when to use handler in android

If the programmer does not use any concurrency constructs, all code of an Android application runs in the main thread and every statement is executed after each other.
To provide a good user experience all potentially slow running operations in an Android application should run asynchronously, e.g. via some way of concurrency constructs of the Java language or the Android framework. This includes all potential slow operations, like network, file and database access and complex calculations.

1. Using Java threading in Android
Android supports the usage of the Thread class to perform asynchronous processing.

Android also supplies the java.util.concurrent package to perform something in the background, e.g. using the ThreadPools and Executor classes.

If you need to update the user interface from a new Thread, you need to synchronize with the user interface thread.
2.Concurrency constructs in Android
Android provides additional constructs to handle concurrently in comparison with standard Java. You can use the android.os.Handler class or the AsyncTasks classes. More sophisticated approach are based on the Loader class, retained Fragments and services.

Purpose of the Handler class
The Handler class can be used to register to a thread and provides a simple channel to send data to this thread.

A Handler object registers itself with the thread in which it is created. For example, if you create a new instance of the Handler class in the onCreate() method of your activity, the resulting Handler object can be used to post data to the main thread.

The data which can be posted via the Handler class can be an instance of the Message or the Runnable class.

Android touch

try to use itemized overlay to draw image and to draw at certain point override the OntouchEvent Method and pass it the lat and long and you will get Image on the touched location if you need some example u can see here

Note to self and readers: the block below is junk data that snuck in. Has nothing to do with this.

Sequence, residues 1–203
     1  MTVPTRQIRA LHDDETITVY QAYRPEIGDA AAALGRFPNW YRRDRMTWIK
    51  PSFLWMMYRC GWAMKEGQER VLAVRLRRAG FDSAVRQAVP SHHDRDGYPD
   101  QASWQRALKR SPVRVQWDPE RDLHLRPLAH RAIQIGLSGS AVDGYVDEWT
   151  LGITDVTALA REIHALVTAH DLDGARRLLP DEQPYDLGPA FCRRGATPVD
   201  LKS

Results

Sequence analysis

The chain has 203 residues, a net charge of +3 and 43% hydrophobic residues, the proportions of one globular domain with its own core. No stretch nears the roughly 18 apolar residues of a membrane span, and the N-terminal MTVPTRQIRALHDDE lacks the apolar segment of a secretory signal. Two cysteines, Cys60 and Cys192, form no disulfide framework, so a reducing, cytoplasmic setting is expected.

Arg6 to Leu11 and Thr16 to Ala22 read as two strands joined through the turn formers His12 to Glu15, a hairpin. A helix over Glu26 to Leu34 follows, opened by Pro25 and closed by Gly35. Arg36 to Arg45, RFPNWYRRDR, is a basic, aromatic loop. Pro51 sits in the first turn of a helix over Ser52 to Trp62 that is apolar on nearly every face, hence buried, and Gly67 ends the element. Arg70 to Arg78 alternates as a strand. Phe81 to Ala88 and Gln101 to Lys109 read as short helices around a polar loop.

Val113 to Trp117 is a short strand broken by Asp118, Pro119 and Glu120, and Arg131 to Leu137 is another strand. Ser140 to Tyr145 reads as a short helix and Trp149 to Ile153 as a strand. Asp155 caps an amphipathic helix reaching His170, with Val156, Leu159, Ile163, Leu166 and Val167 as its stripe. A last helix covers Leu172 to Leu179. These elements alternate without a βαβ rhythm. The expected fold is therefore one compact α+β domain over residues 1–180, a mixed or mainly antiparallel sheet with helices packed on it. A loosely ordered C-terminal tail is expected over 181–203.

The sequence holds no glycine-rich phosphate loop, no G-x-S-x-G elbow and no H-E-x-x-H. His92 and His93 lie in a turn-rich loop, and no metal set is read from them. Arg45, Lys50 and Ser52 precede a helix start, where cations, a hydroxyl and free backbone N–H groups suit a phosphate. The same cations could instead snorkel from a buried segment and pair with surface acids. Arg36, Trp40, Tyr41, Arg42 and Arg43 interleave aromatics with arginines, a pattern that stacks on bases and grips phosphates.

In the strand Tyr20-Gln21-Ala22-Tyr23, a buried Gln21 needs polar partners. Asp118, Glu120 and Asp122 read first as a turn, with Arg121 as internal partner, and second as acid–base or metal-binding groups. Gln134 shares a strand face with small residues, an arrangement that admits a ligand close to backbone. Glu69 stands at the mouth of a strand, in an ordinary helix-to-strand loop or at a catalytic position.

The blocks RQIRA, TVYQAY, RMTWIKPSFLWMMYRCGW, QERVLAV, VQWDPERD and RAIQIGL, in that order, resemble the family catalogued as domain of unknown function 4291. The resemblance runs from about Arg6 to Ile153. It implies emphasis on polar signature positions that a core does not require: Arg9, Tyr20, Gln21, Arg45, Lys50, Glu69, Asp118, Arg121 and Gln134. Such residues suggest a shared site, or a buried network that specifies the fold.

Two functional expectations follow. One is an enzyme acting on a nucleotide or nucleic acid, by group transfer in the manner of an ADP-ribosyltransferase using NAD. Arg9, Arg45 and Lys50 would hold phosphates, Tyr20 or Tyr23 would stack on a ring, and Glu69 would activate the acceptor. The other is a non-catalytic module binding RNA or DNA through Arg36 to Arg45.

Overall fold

The Android standard View class support touch events. You can react touch events in your custom views and your activities. Android supports multiple pointers, e.g. fingers which are interacting with the screen.

Android touch

The base class for touch support is the MotionEvent class which is passed to Views via the onTouchEvent() method. To react to touch events you override the onTouchEvent() method. The MotionEvent class contains the touch related information.e.g. the number of pointers, the X/Y coordinates and size and pressure of each pointer.

This method returns true if the touch event has been handled by the view. Android tries to find the deepest view which returns true to handles the touch event. If the view is part of another view (parent view), the parent can claim the event by returning true from the onInterceptTouchEvent() method. This would send an MotionEvent.ACTION_CANCEL event to the view which received previously the touch events.

To react to touch events in an activity, register an OnTouchListener for the relevant Views.

1. Five colour brushes.
2. Three types of drawing pencils.
3. Beautiful colours are given to draw a nice painting.

You can use different shapes like: circle, square, rectangle, cubes,triangles, lines, arrow, stars etc… Press on color icon to set the background color.

To color an image on user’s tap, to fill a given image with some color

– Implement and supply the source code for a fast flood fill algorithm for the Android platform that can instantly fill a region bounded by one specified colour with the desired colour
– Ensure that the code functions on both phone and tablet Android devices with various screen sizes
– Write clean, modular, robust code to implement the desired requirements
– Provide a test harness and source to verify the performance of the code on the target platform

can‘t find calss on path data/app/xxx.apk

To fix this, right-click your project, properties, build path and go to export tab. There make sure “Android private libraries” are checked. A clean and rebuild should put you on track …
Right-click the project in Eclipse’s Package Explorer and choose Properties.
Choose Java Build Path
Choose Order and Export
Check the boxes next to Android Private Libraries and Android Dependencies
After making these changes, do a clean and then rebuild.

With this change, I was able to build an APK that installed and ran on an Android device.

生活在西班牙

自己动手丰衣足食

BlueAsteroid

Just another WordPress.com site

Jing's Blog

Just another WordPress.com site

Start from here......

我的心情魔方

天才遠私廚

希望能做一個分享各種資訊的好地方

语义噪声

西瓜大丸子汤的博客

笑对人生,傲立寰宇

Just another WordPress.com site

Where On Earth Is Waldo?

A Project By Melanie Coles

the Serious Computer Vision Blog

A blog about computer vision and serious stuff

Cauthy's Blog

paper review...

Cornell Computer Vision Seminar Blog

Blog for CS 7670 - Special Topics in Computer Vision

datarazzi

Life through nerd-colored glasses

Luciana Haill

Brainwaves Augmenting Consciousness

槑烎

1,2,∞

Dr Paul Tennent

and the university of nottingham

turn off the lights, please

A bunch of random, thinned and stateless thoughts around the Web